2030 Agenda – At a Glance
Basic information about the 2030 Agenda
Following a comprehensive coordination process over a number of years with the broad participation of many governmental and non-governmental actors, the global community unanimously adopted the 2030 Agenda for Sustainable Development at the UN Sustainable Development Summit on 25 September 2015. The Agenda revolves around 17 Sustainable Development Goals (SDGs) and their 169 targets.
The 2030 Agenda aims to transform our world. It aims to end extreme poverty and hunger, protect natural resources and create equal development opportunities for everyone around the world by 2030.
The core element of the 2030 Agenda is its transformative and universal character, which promotes industrialised, developing and emerging countries in equal measure and demands financing that goes far beyond official development assistance (ODA) funding. The states that have adopted this agenda undertake not only to achieve a transition to an environmentally friendly and resource-efficient global economy, they also commit to solving social issues such as poverty, hunger and inequality and to combatting existing human rights violations. In so doing, equal consideration will be given to the three dimensions of sustainability (social, environmental and economic). Beyond this, there is a recognition that good governance, peace and partnerships for sustainable development constitute an important basis for all activities.
The transformative character of the 2030 Agenda will be implemented in particular by taking into account a number of overarching principles.
The 2030 Agenda and its Sustainable Development Goals (SDGs) can only be implemented in conjunction with the Paris Agreement on climate change and the nationally determined contributions (NDCs). Both global agendas were adopted in 2015 and relate to each other
Apart from these, the Addis Ababa Action Agenda (AAAA) on Financing for Development is an integral part of the 2030 Agenda.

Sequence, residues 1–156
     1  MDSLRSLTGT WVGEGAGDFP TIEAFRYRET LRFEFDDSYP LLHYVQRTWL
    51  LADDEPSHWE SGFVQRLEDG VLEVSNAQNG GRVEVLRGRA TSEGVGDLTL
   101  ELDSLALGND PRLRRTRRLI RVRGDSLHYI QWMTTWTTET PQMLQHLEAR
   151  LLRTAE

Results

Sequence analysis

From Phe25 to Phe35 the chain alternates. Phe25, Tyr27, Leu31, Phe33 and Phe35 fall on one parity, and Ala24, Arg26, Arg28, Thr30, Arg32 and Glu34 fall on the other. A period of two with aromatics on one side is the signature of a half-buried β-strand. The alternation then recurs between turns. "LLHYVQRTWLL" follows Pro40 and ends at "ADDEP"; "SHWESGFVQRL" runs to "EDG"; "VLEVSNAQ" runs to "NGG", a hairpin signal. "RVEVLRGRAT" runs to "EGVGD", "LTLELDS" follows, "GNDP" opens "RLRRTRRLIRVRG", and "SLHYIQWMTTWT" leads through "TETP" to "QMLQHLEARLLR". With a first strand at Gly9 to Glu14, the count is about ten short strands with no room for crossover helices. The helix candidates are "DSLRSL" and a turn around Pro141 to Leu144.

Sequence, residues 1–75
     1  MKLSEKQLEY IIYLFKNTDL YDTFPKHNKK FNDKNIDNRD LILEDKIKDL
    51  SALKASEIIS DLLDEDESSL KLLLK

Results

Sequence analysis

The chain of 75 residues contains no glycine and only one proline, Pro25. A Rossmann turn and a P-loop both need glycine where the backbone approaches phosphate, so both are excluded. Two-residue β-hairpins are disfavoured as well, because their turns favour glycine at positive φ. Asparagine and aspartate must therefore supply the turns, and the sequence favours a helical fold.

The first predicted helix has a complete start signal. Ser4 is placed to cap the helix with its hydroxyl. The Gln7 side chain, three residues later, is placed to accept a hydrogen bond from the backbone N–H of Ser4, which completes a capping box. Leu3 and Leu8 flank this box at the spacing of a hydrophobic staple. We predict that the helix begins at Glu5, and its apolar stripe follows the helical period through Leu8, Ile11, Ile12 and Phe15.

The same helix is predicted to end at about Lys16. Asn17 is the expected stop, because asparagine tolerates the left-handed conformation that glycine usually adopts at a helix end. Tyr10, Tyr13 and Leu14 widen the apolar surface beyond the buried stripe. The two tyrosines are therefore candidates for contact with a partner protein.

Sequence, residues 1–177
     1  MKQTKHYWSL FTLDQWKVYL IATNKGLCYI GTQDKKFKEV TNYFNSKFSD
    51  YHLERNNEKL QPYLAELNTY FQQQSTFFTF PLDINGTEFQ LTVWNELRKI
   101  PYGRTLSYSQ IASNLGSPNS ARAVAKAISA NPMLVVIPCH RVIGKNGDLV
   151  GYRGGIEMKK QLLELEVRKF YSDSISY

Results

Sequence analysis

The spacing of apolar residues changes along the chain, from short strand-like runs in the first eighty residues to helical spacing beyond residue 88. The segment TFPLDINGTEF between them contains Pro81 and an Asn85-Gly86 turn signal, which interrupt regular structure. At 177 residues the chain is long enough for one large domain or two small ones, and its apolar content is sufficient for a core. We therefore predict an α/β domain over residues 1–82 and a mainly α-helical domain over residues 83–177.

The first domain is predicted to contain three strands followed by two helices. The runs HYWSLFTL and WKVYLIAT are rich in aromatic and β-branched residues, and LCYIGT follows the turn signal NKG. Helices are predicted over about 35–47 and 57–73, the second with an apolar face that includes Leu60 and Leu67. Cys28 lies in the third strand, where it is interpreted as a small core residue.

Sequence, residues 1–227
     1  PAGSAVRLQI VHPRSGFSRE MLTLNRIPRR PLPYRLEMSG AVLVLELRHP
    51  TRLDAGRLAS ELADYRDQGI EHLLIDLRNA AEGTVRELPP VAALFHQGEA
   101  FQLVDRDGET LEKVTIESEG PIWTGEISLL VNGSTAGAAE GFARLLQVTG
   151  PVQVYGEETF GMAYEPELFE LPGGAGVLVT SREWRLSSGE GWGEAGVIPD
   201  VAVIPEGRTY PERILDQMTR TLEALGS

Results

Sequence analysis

The 2030 Agenda is the outcome of an unprecedented international participatory process. It is a policy document that represents a consensus among all of the world’s nations. Shortfalls in terms of coherence and linguistic contradictions in the text of the UN resolution are unavoidable in this context and do nothing to diminish the historical value and underlying unity of this consensus.
Here is an overview of the Sustainable Development Goals.
Multilateral organisations (above all the World Bank and OECD) are currently adopting comprehensive reform packages based on the 2030 Agenda, which are having a long-term impact on both their operational business and their institutional orientation.
The EU is well-positioned in terms of sustainable development. The EU and its member states are trailblazers when it comes to implementing the 2030 Agenda. The goals of the 2030 Agenda are reflected in all 6 priorities of the European Commission. In November 2016, the European Commission laid out its strategic concept for implementation of the 2030 Agenda and for realising the SDGs: ‘Communication on the next steps for a sustainable European future’.
Information on the current set of EU standards can be found here.
In order to promote sustainable development around the world, the EU will continue working with external partners, using all the tools that are available under its external policies. The EU report on the SDGs ("Supporting the Sustainable Development Goals across the world: The 2019 Joint Synthesis Report of the European Union and its Member States") is worth reading with regards to this topic. The document was part of the EU report for the HLPF 2019 (see also Council Conclusions). Particularly Part 1 on understanding the importance of the 2030 Agenda in EU development cooperation is very interesting.
The SDGs will be a cross-cutting dimension for the implementation of the Global Strategy on the EU’s Foreign and Security Policy presented in 2016 (see below), which concerns all policy fields in the EU’s external actions. The European Consensus on Development (2017) is a blueprint for achieving the SDGs and spells out the main lines of the EU and member states’ approach to cooperation with developing countries in the next 15 years. A central component is providing support to developing countries in their efforts to implement the 2030 Agenda and to monitor and report on their activities.